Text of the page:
Released: Octo, Bakerteam Records
Reviewer: Metal-Rules.com UK Team
Sailing to Nowhere is a band coming from Italy that plays melodic power metal. What is also interesting to note is that this is the band’s debut album, coming out on Bakerteam Records.
The band itself is one that tends to stick within a mid-paced range (which most Melodic Metal bands tend to do) while employing two vocalists; one male and one female. Before you ask, no, this is not a “Beauty and the Beast” setup, with the male growling vocals and female soprano vocals. Instead, both vocalists keep it within the mid-range for the majority of the album. Even then, it is safe to say that the male vocals are more in the lead position than the female vocals, but it’s never dominated by one or the other.
The music itself is good. My one gripe right off the get go was the sound of the drumming. It just didn’t fit in with the rest of the band’s sound. It is something that you get used to as the album goes on, but the first song or two does feel a bit odd for the drumming.
The other thing to be aware of is the use of piano/keys on the album. It’s more or less to set the mood for the songs and fill in gaps when needed, as I found it to be refreshing for the overall sound of the band. In fact, many of the songs tend to open up with a keyboard intro (No Dreams in My Night, Big Fire, Strange Dimension, and Sweet Rain in particular).
While the overall presentation is well done, I found that slower songs were the band’s downfall. The male vocalist tends to do the singing for these songs and I’m not sure if it’s the lyrical content or the delivery of the lyrics but I found it to be a rough go for those portions of the songs. Luckily, it’s not for the entire song as its only parts of them, so they are easy to get through without much trouble. Although, it did drum of a similarity to earlier Visions of Atlantis songs with their slower pace.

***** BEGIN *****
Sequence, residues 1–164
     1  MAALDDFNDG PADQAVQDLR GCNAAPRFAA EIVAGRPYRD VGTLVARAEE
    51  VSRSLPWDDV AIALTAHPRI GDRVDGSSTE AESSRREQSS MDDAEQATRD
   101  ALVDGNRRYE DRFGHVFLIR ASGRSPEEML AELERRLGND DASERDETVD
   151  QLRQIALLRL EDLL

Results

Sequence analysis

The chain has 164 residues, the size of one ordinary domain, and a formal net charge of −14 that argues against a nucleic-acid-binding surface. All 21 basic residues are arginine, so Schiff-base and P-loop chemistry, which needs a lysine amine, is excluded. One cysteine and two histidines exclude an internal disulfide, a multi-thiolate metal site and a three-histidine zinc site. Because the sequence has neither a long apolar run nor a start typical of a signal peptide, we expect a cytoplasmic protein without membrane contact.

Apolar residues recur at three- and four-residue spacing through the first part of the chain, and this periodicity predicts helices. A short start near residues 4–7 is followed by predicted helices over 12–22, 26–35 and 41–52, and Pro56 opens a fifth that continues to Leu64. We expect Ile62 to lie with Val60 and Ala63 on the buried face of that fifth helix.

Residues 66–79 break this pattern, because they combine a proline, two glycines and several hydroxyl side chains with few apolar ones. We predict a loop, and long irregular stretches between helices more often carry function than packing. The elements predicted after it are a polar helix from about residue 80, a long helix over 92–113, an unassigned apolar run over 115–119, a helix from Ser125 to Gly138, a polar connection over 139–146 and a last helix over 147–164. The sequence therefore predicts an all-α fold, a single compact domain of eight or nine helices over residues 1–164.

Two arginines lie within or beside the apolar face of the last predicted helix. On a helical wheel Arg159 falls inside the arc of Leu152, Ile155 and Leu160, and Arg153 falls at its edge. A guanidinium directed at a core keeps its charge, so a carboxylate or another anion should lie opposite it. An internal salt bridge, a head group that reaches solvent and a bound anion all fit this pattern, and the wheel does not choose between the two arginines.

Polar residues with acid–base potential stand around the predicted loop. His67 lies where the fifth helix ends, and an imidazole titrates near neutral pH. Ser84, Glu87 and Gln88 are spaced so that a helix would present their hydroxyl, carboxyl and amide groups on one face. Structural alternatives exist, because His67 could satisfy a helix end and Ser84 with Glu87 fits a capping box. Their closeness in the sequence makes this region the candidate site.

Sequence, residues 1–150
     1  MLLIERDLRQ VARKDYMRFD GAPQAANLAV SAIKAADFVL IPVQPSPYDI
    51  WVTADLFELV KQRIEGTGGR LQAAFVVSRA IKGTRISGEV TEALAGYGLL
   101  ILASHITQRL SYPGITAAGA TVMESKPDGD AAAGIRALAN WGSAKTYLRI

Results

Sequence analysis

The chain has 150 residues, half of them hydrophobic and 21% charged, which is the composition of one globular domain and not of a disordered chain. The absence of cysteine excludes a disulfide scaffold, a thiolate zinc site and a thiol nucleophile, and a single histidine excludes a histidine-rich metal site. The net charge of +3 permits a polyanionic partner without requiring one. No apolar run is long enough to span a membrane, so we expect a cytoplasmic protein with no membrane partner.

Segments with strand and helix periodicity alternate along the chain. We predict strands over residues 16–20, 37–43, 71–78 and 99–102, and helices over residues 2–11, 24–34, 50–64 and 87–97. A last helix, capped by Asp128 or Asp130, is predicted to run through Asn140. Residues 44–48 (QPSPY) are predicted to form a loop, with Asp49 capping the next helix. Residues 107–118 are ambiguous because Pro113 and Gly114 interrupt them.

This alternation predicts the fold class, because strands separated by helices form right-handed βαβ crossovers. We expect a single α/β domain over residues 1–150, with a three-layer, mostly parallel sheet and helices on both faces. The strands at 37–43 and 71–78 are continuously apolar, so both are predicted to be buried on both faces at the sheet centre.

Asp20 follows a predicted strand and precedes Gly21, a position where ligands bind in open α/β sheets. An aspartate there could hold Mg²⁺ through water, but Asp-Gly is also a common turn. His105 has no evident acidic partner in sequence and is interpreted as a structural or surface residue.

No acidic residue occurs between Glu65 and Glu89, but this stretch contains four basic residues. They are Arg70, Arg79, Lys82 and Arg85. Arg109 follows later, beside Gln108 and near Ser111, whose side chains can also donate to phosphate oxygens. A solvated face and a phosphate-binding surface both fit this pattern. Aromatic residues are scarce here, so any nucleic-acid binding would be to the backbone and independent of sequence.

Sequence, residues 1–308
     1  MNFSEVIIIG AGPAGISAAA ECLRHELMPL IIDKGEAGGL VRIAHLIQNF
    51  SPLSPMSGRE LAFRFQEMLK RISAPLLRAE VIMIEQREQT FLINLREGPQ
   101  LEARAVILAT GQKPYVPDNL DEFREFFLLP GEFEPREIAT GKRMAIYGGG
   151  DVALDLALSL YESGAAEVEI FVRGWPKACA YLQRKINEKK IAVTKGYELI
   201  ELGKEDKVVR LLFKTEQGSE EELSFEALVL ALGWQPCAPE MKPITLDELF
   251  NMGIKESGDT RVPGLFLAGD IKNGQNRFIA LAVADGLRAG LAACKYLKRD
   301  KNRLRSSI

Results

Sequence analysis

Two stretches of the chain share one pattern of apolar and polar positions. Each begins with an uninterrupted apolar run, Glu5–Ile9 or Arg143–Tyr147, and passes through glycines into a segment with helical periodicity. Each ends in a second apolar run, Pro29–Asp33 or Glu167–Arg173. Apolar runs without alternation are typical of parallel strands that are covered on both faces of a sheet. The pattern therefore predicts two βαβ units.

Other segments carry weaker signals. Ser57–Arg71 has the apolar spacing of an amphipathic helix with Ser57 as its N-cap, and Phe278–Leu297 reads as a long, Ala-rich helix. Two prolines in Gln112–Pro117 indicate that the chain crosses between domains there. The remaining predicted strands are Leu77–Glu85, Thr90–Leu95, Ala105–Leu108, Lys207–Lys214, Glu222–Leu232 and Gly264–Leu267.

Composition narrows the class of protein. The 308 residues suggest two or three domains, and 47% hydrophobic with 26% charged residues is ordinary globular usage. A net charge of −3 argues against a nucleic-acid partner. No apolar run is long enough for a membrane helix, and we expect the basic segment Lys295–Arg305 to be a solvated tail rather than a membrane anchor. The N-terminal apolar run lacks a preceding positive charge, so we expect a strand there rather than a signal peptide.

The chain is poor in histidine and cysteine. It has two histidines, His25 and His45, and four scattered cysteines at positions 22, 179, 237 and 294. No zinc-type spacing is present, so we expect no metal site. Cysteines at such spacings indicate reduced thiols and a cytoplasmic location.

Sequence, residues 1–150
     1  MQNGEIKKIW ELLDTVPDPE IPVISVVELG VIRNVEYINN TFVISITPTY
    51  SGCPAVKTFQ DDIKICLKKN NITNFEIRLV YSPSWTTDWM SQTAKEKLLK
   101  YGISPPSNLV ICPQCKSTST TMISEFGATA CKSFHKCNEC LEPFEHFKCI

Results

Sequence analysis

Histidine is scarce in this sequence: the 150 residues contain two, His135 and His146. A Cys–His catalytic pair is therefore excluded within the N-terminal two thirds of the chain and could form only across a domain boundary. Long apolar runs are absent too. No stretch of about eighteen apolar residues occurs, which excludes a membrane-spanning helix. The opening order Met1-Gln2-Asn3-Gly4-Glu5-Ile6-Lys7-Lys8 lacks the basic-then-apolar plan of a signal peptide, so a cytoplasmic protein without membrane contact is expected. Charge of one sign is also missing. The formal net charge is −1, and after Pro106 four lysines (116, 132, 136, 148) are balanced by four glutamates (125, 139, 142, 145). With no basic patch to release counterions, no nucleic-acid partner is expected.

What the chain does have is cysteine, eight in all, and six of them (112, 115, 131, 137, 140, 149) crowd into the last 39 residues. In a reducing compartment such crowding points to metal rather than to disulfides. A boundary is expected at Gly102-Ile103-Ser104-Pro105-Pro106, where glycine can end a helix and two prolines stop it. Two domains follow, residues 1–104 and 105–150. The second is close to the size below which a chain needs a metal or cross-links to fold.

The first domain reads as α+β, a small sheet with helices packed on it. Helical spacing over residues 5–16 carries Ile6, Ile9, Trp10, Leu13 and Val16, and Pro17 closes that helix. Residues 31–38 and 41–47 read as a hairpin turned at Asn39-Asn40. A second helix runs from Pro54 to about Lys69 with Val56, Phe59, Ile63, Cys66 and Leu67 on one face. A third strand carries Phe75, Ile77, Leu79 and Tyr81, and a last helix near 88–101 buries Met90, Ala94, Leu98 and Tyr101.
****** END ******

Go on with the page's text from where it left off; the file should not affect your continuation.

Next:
When Sailing to Nowhere goes into a mid-paced or a faster pace is when the band excels. Although it does allow for solos, I found them to be appropriate but not jaw dropping. They fit the style of music without being too over the top, which is a good thing. A good example is the title track where it starts fast and stays like it for the whole song.
One thing I found odd was the addition of live elements in some of the songs. Normally at a live event, bands try to get the crowd to chant with lines such as “Hey! Hey! Hey!” and “Whoa-oh-oh-oh!” but these are actually done within the studio release. It’s an odd choice to make, but it’s few and far between and doesn’t take up too much time on any song.
Overall, this is a solid first outing by the band. It also helps that had a few people come in to give them a hand on the album, such as Terence Holler (of Eldritch), Leonardo Porcheddu (of Kuprij and Macaluso), David Folchitto (of Prophilax and StormLord) as well as Valentina De Iuliis (Ex-Belladonna). They look to be going in the right direction and should only improve on the foundation of what they have here.
Reviewed by Josh Moores